"Play" by VinothChandar via Flickr.

We had a sharp and thoughtful conversation this week in class about games and gameification — a word my spellchecker still doesn’t recognize, so that must mean it’s trendy — as the two relate to motivation and transfer in school settings.

I’ll attempt to sketch my gameification soapbox quickly:

• “Games” is not a monolithic category — chess is not World of Warcraft is not Tetris, so let’s be precise when we discuss what games “are” or mean for learners.

• Transfer still feels a little mysterious to me, but as far as I can tell, it’s not a predictable, linear process. Can gameification stoke positive learning outcomes for some students in some contexts? I certainly think so — I’ve read enough research to convince me. But I would hesitate to overlay any and all learning environments with an element of gameification, just as I wouldn’t want to choose one teaching style for the rest of my life. To quote rhetorician John Ramage: “Rhetoric is a science of single instances.” I would say the same thing about educational exchanges between teachers and learners. We work to develop best practices based on research, and then apply them in unique contexts. This flexibility is key to my developing teaching philosophy.

This leaves one last point, and one I find the most difficult to hash out: the interplay between extrinsic and intrinsic motivation in learning encounters. What’s interesting to me in examining the tension in the education community over gameification is the underlying concept of play.

It is easy to forget how much the idea of play informs my efforts as a student and a professional, but it’s absolutely essential. I just don’t always think of what I do as play (because sometimes it’s really work). But my creative efforts — from teaching to writing to researching — are always on some level about play and curiosity and process.

Because play is about possibility, and what is more hopeful than that?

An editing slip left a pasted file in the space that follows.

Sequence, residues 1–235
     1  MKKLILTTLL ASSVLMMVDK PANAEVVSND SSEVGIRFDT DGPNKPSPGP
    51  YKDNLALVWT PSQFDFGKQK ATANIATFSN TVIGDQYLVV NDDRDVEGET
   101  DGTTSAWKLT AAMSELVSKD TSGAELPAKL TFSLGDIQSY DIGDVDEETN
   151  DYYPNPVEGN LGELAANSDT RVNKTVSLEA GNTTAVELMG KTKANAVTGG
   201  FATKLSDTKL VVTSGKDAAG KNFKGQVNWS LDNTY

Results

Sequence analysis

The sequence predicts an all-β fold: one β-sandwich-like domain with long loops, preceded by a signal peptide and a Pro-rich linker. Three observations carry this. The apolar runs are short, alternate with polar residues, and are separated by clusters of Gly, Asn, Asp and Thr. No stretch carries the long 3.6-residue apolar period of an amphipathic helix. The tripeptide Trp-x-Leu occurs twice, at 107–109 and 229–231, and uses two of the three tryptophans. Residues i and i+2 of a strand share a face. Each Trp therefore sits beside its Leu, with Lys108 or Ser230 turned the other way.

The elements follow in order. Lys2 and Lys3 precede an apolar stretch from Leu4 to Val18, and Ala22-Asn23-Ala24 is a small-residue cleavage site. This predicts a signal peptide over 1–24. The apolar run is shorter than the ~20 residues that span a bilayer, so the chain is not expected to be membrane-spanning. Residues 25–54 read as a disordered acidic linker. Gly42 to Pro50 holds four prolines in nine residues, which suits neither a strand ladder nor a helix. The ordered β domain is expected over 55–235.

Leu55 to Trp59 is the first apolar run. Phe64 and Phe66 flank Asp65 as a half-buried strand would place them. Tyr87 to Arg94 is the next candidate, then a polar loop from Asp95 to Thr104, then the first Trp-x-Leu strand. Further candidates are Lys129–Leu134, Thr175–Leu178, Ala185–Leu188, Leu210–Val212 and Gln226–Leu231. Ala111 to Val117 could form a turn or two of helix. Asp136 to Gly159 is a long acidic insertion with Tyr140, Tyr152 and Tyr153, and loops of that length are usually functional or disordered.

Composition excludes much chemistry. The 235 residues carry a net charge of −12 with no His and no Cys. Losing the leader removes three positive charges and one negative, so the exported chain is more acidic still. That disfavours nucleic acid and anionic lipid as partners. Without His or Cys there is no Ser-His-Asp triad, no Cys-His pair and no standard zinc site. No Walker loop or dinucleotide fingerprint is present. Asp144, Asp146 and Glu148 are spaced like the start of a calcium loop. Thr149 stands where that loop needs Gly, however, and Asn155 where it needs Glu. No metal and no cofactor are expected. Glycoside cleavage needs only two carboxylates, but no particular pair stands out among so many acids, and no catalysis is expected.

I picture my colleagues on the editing team at the newspaper where I worked for several years, and our well-honed routine that unfurled whenever someone got stuck on a difficult headline writing assignment.

We’d all stop what we were doing, gather around the colleague’s computer screen, and start riffing: cultural references, wordplay, snappy phrases, new and different angles to entice and inform the reader. This is what play can look like in the work world — and this process usually resulted in a better headline than what any one of us had first thought of.

So, what, then, to make of the push-pull between “play” in learning encounters — which, while we may not be great at playing in assessment-driven schools, at least seems accepted as an important part of children’s development — and “games”?

For my own part, I find myself drawn to the way play can open up experiences of flow, of curiosity, of having the freedom to fail. Do these experiences need the rules of a game to apply extrinsic structure, or are there other ways to incorporate these opportunities that might appeal to students who don’t care so much about badges and points? Because, honestly, the idea of more competition in schools makes me feel exhausted.

I’m interested to hear from you, though. Any thoughts on games and play in school and beyond?

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